Lemma 42.68.24. Let $R$ be a local ring with residue field $\kappa$. Let $M$ be a finite length $R$-module. Let $\alpha , \beta , \gamma$ be endomorphisms of $M$. Assume that

1. $I_\alpha = K_{\beta \gamma }$, and similarly for any permutation of $\alpha , \beta , \gamma$,

2. $K_\alpha = I_{\beta \gamma }$, and similarly for any permutation of $\alpha , \beta , \gamma$.

Then

1. The triple $(M, \alpha , \beta \gamma )$ is an exact $(2, 1)$-periodic complex.

2. The triple $(I_\gamma , \alpha , \beta )$ is an exact $(2, 1)$-periodic complex.

3. The triple $(M/K_\beta , \alpha , \gamma )$ is an exact $(2, 1)$-periodic complex.

4. We have

$\det \nolimits _\kappa (M, \alpha , \beta \gamma ) = \det \nolimits _\kappa (I_\gamma , \alpha , \beta ) \det \nolimits _\kappa (M/K_\beta , \alpha , \gamma ).$

Proof. It is clear that the assumptions imply part (1) of the lemma.

To see part (1) note that the assumptions imply that $I_{\gamma \alpha } = I_{\alpha \gamma }$, and similarly for kernels and any other pair of morphisms. Moreover, we see that $I_{\gamma \beta } =I_{\beta \gamma } = K_\alpha \subset I_\gamma$ and similarly for any other pair. In particular we get a short exact sequence

$0 \to I_{\beta \gamma } \to I_\gamma \xrightarrow {\alpha } I_{\alpha \gamma } \to 0$

and similarly we get a short exact sequence

$0 \to I_{\alpha \gamma } \to I_\gamma \xrightarrow {\beta } I_{\beta \gamma } \to 0.$

This proves $(I_\gamma , \alpha , \beta )$ is an exact $(2, 1)$-periodic complex. Hence part (2) of the lemma holds.

To see that $\alpha$, $\gamma$ give well defined endomorphisms of $M/K_\beta$ we have to check that $\alpha (K_\beta ) \subset K_\beta$ and $\gamma (K_\beta ) \subset K_\beta$. This is true because $\alpha (K_\beta ) = \alpha (I_{\gamma \alpha }) = I_{\alpha \gamma \alpha } \subset I_{\alpha \gamma } = K_\beta$, and similarly in the other case. The kernel of the map $\alpha : M/K_\beta \to M/K_\beta$ is $K_{\beta \alpha }/K_\beta = I_\gamma /K_\beta$. Similarly, the kernel of $\gamma : M/K_\beta \to M/K_\beta$ is equal to $I_\alpha /K_\beta$. Hence we conclude that (3) holds.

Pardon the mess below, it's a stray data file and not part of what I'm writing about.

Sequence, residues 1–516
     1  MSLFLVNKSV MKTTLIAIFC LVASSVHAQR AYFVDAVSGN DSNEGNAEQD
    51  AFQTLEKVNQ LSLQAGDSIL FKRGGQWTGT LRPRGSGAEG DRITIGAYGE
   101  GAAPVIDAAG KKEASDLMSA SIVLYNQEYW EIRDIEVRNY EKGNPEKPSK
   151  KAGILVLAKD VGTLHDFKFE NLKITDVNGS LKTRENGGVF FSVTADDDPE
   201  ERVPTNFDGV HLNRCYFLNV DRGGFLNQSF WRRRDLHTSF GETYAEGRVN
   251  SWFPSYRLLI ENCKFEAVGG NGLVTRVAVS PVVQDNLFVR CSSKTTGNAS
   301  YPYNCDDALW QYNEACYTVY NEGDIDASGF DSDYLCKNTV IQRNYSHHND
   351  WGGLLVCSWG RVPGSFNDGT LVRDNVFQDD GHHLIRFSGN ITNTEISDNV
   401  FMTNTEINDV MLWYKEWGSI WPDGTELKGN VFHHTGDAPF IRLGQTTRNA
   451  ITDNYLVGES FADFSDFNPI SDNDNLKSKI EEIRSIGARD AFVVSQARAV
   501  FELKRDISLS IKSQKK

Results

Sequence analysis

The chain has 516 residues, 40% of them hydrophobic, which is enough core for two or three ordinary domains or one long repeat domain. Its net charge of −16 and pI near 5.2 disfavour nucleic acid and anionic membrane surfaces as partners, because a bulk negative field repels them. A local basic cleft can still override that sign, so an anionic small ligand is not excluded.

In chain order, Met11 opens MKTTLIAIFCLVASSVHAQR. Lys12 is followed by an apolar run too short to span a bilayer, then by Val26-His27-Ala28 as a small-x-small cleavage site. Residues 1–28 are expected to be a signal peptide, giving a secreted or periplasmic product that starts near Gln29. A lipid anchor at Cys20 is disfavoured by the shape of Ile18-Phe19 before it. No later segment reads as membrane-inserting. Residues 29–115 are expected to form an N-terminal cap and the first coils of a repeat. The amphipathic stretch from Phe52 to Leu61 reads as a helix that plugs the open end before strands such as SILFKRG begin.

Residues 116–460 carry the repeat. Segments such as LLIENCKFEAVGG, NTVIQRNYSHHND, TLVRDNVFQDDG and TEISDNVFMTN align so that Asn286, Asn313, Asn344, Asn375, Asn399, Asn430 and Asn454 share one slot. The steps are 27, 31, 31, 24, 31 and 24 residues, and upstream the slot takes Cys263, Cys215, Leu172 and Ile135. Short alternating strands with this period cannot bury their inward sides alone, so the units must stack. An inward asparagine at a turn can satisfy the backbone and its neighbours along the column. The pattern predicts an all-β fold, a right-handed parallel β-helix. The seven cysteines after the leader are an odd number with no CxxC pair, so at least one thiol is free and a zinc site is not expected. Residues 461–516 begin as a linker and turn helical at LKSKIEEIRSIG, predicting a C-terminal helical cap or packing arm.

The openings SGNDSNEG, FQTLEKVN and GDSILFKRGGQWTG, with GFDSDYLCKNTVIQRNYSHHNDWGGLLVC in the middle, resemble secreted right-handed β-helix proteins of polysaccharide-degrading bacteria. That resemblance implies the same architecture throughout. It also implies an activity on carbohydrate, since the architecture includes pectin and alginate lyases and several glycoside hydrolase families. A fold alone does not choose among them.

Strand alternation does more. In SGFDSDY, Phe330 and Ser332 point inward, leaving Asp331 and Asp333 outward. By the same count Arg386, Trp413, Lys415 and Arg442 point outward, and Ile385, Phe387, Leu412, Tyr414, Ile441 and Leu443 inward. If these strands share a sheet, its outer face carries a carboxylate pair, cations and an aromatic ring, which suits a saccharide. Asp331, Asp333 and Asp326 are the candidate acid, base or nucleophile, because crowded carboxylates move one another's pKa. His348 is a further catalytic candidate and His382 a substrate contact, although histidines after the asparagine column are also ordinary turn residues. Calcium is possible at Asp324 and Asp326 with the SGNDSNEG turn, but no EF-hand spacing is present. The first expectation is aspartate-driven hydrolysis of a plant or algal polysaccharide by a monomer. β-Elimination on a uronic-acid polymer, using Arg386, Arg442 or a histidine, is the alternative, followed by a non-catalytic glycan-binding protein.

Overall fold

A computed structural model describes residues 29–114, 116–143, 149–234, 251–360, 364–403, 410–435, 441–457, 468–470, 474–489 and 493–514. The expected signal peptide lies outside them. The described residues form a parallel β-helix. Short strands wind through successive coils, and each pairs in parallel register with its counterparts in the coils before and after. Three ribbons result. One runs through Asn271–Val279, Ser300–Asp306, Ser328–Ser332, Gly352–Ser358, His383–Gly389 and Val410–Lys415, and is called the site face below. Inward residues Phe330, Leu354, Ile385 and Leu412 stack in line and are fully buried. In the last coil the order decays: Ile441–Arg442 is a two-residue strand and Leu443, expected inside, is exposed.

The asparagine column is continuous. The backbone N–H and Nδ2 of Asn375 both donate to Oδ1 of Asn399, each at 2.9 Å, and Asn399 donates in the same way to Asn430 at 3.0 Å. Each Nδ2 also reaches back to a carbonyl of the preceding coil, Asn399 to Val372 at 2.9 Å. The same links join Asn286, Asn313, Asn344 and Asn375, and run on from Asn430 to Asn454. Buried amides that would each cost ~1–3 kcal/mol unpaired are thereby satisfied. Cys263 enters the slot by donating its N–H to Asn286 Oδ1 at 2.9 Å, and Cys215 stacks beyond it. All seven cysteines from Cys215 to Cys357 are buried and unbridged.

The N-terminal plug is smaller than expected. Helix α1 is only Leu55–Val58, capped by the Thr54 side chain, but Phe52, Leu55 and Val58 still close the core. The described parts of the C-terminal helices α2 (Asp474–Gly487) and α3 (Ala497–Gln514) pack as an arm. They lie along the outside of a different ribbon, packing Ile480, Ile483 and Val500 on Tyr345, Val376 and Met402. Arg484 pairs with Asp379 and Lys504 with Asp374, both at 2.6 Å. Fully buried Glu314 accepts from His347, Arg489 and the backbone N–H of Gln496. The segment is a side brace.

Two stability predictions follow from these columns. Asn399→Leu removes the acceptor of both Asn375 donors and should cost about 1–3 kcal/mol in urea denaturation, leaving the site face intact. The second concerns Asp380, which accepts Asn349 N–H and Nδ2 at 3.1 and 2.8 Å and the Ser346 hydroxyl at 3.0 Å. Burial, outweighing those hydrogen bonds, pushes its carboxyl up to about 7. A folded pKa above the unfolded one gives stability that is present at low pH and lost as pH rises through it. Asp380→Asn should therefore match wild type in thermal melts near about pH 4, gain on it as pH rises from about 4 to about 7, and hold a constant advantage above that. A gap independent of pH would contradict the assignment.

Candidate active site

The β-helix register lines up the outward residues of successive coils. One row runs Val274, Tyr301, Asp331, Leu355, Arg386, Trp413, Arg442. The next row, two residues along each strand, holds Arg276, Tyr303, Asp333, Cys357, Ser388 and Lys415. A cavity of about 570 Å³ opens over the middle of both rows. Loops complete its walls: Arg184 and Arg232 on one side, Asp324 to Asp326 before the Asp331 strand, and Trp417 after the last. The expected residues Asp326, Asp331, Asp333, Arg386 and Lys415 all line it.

We introduce $r = \text{length}_ R(K_\alpha )$, $s = \text{length}_ R(K_\beta )$ and $t = \text{length}_ R(K_\gamma )$. By the exact sequences above and our hypotheses we have $\text{length}_ R(I_\alpha ) = s + t$, $\text{length}_ R(I_\beta ) = r + t$, $\text{length}_ R(I_\gamma ) = r + s$, and $\text{length}(M) = r + s + t$. Choose

1. an admissible sequence $x_1, \ldots , x_ r \in K_\alpha$ generating $K_\alpha$

2. an admissible sequence $y_1, \ldots , y_ s \in K_\beta$ generating $K_\beta$,

3. an admissible sequence $z_1, \ldots , z_ t \in K_\gamma$ generating $K_\gamma$,

4. elements $\tilde x_ i \in M$ such that $\beta \gamma \tilde x_ i = x_ i$,

5. elements $\tilde y_ i \in M$ such that $\alpha \gamma \tilde y_ i = y_ i$,

6. elements $\tilde z_ i \in M$ such that $\beta \alpha \tilde z_ i = z_ i$.

With these choices the sequence $y_1, \ldots , y_ s, \alpha \tilde z_1, \ldots , \alpha \tilde z_ t$ is an admissible sequence in $I_\alpha$ generating it. Hence, by Remark 42.68.14 the determinant $D = \det _\kappa (M, \alpha , \beta \gamma )$ is the unique element of $\kappa ^*$ such that

\begin{align*} [y_1, \ldots , y_ s, \alpha \tilde z_1, \ldots , \alpha \tilde z_ s, \tilde x_1, \ldots , \tilde x_ r] \\ = (-1)^{r(s + t)} D [x_1, \ldots , x_ r, \gamma \tilde y_1, \ldots , \gamma \tilde y_ s, \tilde z_1, \ldots , \tilde z_ t] \end{align*}

By the same remark, we see that $D_1 = \det _\kappa (M/K_\beta , \alpha , \gamma )$ is characterized by

$[y_1, \ldots , y_ s, \alpha \tilde z_1, \ldots , \alpha \tilde z_ t, \tilde x_1, \ldots , \tilde x_ r] = (-1)^{rt} D_1 [y_1, \ldots , y_ s, \gamma \tilde x_1, \ldots , \gamma \tilde x_ r, \tilde z_1, \ldots , \tilde z_ t]$

By the same remark, we see that $D_2 = \det _\kappa (I_\gamma , \alpha , \beta )$ is characterized by

$[y_1, \ldots , y_ s, \gamma \tilde x_1, \ldots , \gamma \tilde x_ r, \tilde z_1, \ldots , \tilde z_ t] = (-1)^{rs} D_2 [x_1, \ldots , x_ r, \gamma \tilde y_1, \ldots , \gamma \tilde y_ s, \tilde z_1, \ldots , \tilde z_ t]$

Combining the formulas above we see that $D = D_1 D_2$ as desired. $\square$

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